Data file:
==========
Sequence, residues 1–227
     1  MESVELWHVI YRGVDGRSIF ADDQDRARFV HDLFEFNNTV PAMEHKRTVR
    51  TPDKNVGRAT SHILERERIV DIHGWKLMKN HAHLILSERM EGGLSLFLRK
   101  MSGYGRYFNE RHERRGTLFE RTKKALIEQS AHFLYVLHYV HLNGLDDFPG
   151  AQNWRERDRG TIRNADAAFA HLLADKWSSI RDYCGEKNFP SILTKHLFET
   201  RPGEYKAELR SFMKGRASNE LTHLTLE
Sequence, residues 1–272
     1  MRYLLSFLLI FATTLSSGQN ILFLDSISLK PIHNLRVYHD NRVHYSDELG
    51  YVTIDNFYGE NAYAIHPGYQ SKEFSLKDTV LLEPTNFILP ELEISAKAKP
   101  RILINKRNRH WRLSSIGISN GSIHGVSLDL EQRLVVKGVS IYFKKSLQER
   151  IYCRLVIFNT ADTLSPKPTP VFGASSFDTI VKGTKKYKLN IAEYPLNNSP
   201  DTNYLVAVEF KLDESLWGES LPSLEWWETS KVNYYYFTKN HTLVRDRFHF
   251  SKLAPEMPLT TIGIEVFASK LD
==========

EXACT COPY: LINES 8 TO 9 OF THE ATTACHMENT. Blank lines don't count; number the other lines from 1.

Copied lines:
     1  MRYLLSFLLI FATTLSSGQN ILFLDSISLK PIHNLRVYHD NRVHYSDELG
    51  YVTIDNFYGE NAYAIHPGYQ SKEFSLKDTV LLEPTNFILP ELEISAKAKP